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Novel Natural Antioxidants Extracted From Animal Red Blood Cells

Meisinger, D.
Vrm Labs
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The long-term goal of this project is to develop an inexpensive natural antioxidant to be used as a food preservative. Our initial target market is preservation of pre-cooked frozen meat products, because we found lot of interest to our product in this market segment while performing customer development interviews. During the Phase I, we will focus on collecting the proof-of-concept performance and safety data for our prototype product. Studies performed during the Phase I will address these objectives:Comparison of the performance of our product to that of most common synthetic and natural antioxidants and optimization of the treatment dose: To perform a detailed study of the efficacy of our product compared to the most common currently used antioxidants, BHT (synthetic) and rosemary oil. While preliminary experiments demonstrated robustness of our antioxidant in preventing lipid oxidation in food models, a more detailed study is necessary to determine time course of protections and optimize the doze required to achieve protective effects comparable to currently used antioxidants. We will also characterize its potential influence on other food properties important for consumption, such properties as color, odor, and texture in several human food models.Study of the mechanism of antioxidant activity: To establish the mechanism(s) of action of CP and determine the most important antioxidant component(s) in the protein cocktail obtained from the lysed erythrocytes. Our initial hypothesis that antioxidant activity is mostly due to enzymatic superoxide dismutase and/or catalase activity was not confirmed experimentally (see Fig. 5). We therefore propose to compare antioxidant activity of our product to that of known individual antioxidant components present in blood. According to the literature, glutathione and vitamin E are two most potent antioxidants that prevent lipid oxidation in erythrocytes in vivo. We therefore will focus on these two molecules as the most likely candidates responsible for antioxidant activity in food models.Assessment of susceptibility to microbial contamination and developing the formulation with maximized antimicrobial properties: To assess susceptibility of CP to bacterial infections. Possible contamination with pathogens presents an important safety concern. However, in a preliminary study we noticed that CP was resistant to challenges by a model microorganism, Staphylococcus aureus, possibly due to high concentration of zinc chloride (15-20 wt. %) present in the system. Here, we propose to expand this study to include challenges by the most common pathogens that could be present in animal or poultry products, E.Coli and Salmonella enteridis.The planned Phase II effort will focus on scaling up and design of a pilot plant and collecting the data required for the regulatory submission.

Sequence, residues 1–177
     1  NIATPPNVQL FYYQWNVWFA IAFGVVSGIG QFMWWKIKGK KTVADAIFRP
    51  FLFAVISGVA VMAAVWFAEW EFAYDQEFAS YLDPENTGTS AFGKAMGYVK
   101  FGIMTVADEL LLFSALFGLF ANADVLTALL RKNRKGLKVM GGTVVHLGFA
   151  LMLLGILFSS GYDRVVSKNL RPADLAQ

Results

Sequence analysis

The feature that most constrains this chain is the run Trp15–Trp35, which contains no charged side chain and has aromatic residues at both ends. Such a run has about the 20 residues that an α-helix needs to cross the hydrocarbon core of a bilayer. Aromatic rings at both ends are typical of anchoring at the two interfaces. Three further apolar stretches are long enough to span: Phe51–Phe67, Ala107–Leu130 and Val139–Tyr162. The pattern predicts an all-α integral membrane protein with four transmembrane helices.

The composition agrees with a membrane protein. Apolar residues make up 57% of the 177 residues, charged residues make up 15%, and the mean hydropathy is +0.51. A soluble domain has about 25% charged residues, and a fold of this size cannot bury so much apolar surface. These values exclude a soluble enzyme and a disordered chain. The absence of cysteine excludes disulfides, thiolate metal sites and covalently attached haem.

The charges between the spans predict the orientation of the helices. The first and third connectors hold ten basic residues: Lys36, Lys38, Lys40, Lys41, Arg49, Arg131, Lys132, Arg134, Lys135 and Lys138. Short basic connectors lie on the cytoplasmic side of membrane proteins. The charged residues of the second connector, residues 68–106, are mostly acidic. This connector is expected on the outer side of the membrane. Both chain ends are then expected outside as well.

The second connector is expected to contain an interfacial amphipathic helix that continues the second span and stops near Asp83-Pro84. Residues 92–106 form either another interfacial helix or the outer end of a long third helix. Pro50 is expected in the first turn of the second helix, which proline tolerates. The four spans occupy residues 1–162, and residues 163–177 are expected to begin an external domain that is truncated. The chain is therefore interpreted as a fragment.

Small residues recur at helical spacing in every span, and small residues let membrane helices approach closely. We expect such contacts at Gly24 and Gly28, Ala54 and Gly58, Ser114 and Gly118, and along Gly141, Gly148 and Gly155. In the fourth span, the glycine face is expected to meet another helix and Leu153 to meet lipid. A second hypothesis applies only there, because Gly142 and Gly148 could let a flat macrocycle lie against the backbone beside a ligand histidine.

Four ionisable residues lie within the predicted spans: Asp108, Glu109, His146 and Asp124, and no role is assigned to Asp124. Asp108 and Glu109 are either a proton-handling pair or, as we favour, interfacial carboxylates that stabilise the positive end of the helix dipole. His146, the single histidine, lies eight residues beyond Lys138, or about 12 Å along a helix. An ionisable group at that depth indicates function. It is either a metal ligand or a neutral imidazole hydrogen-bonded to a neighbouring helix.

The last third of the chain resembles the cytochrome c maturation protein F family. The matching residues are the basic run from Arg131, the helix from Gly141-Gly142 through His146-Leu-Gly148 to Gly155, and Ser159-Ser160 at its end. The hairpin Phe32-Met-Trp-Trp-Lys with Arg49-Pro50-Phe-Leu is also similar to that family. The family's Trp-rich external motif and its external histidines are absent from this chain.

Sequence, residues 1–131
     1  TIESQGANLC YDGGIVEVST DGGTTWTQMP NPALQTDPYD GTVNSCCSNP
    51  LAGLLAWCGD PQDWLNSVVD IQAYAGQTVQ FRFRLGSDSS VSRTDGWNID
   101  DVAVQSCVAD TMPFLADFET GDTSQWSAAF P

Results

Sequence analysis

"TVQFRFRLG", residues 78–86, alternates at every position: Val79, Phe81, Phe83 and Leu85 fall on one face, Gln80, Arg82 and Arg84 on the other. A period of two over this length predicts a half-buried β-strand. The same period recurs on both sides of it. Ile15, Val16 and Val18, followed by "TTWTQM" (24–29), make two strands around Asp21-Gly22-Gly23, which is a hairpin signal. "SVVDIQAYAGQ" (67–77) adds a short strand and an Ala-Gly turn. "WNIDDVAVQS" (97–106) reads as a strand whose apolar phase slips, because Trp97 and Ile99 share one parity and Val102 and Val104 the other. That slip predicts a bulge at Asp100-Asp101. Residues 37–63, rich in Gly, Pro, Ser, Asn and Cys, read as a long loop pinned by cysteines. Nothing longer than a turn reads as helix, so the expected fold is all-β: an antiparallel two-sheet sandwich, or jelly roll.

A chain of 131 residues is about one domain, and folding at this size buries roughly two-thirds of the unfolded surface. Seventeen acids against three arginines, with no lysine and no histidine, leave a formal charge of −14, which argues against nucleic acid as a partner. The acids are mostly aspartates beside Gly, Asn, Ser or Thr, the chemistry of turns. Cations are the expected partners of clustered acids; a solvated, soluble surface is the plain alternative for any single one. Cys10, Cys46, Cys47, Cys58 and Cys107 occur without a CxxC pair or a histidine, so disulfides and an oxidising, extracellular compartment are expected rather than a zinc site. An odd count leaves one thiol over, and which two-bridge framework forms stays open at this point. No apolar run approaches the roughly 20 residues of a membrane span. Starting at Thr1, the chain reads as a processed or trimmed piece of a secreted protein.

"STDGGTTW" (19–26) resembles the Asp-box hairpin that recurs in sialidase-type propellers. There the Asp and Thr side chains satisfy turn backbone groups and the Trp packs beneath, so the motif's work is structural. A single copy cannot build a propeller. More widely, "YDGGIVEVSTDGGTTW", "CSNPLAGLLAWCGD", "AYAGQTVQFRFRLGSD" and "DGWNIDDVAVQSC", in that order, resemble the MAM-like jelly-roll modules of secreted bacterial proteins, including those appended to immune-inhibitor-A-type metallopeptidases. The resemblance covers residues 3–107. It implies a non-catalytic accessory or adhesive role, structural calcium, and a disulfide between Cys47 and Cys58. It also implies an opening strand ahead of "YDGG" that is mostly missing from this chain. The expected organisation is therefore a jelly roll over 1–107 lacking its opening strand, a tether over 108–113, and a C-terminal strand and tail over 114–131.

Funding Source
Nat'l. Inst. of Food and Agriculture
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Bacterial Pathogens